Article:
Do you receive calls from companies trying to sell you electric and/or natural gas at cheaper rates than what you are currently paying? Do you receive offers in the mail that offer the same thing? Let’s talk about the specifics of this and clarify some of the confusion.
First, let’s be clear about the difference between a Utility Company and a Retail Energy Provider.
What is a Utility Company?
In a deregulated market, the utility is the company that owns and maintains the lines, wires, poles and transformers that deliver electricity and gas to homes and buildings. The utility is responsible for checking meters, restoring power after severe weather and emergencies and fixing gas leaks. As it was before deregulation, it’s the norm for a single utility to serve a large geographical area. In some parts of the United States, utilities compete along with competitive providers and act as the default provider for customers who do not choose their own.
What is a Retail Energy Provider?
Providers, also referred to as competitive suppliers, alternative suppliers or third-party suppliers, are companies that market and sell electricity or gas service directly to customers. In other words, a provider buys electricity or gas from power generators, and you buy it from the provider of your choice. Customers in deregulated markets can typically choose from among several different providers. These companies handle billing and payment processing, and they compete for business in a variety of ways.
For decades, utilities were one-stop shops for generating electricity or gas, transmitting it to customers and processing payments. Customers didn’t have a choice in the matter — your utility depended on where you live. Then, in the 1980s, some states began to allow the deregulation of electricity markets. As of November 2019, 32 states plus Washington D.C. offer deregulated electricity and natural gas. Here is a map of all deregulated states:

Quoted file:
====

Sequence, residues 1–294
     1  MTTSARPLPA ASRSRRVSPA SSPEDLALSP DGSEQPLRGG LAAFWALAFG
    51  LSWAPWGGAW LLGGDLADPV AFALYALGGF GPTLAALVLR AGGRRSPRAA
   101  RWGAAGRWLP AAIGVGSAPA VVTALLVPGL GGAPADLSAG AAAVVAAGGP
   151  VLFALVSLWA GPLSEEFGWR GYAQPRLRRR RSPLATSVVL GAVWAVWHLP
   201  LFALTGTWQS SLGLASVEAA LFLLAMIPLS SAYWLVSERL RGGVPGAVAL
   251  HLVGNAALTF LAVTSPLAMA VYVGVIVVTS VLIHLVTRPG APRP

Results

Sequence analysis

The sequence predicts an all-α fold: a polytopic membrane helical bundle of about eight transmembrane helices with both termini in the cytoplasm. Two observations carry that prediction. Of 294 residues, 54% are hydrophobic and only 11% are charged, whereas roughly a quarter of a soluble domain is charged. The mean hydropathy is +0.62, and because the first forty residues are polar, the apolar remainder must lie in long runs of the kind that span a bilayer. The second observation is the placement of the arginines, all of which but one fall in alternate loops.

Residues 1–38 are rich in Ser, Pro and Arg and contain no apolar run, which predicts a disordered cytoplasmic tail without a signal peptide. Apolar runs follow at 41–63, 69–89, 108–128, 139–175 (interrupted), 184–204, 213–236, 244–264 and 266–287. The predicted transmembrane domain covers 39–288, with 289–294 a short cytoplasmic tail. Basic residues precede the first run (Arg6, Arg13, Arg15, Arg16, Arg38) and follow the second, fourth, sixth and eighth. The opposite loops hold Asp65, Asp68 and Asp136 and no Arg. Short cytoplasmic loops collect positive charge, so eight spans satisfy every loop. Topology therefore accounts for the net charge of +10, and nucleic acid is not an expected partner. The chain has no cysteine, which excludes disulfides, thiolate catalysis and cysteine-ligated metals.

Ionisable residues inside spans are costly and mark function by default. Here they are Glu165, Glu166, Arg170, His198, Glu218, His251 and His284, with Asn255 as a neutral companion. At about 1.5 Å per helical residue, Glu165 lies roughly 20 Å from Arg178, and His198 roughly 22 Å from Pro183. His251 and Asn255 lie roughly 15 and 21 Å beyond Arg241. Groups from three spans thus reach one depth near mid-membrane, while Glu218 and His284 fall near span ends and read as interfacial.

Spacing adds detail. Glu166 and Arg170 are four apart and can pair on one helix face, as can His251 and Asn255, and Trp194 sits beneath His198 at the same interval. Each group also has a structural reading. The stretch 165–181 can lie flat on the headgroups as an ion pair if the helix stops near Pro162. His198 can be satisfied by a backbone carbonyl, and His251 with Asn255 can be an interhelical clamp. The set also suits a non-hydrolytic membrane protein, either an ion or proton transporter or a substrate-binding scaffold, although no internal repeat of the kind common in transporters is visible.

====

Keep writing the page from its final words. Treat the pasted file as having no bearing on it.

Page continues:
How Do Energy Providers Compete?
The driving force behind the move toward electricity deregulation was a desire to break up the geographical monopolies that utilities enjoyed. Because customers couldn’t take their business elsewhere, utilities lacked an incentive to provide superior customer service or competitive rates. In a deregulated market, providers that don’t work hard to earn and keep customers risk losing them to their competitors.
In addition to competing on the basis of customer service, providers offer customers the following options:
- Lower rates. To attract customers who are focused on the bottom line.
- Variety of plans. Providers offer a mix of fixed-rate plans and variable-rate plans. This allows customers to choose a plan that fits their budgetary needs, lifestyle and risk tolerance.
- Customer Service. Excellent customer service is a must to all Energy Providers
Getting signed up with a third-party can be complicated. Triple “S” Energy is an expert management company and has strong relationships with many third-party Energy Providers who can provide competitive rates for power. We can help you decide on prices that best meet your needs along with a free energy audit. Once a contract is signed between the customer and the Energy Provider, Triple “S” Energy will continue to monitor usage, demand, review invoices for accuracy and generate a monthly cost analysis for your review. Triple “S” Energy saves businesses up to 10 to 20% on all energy costs. Visit www.triplesenergy.com for more detail.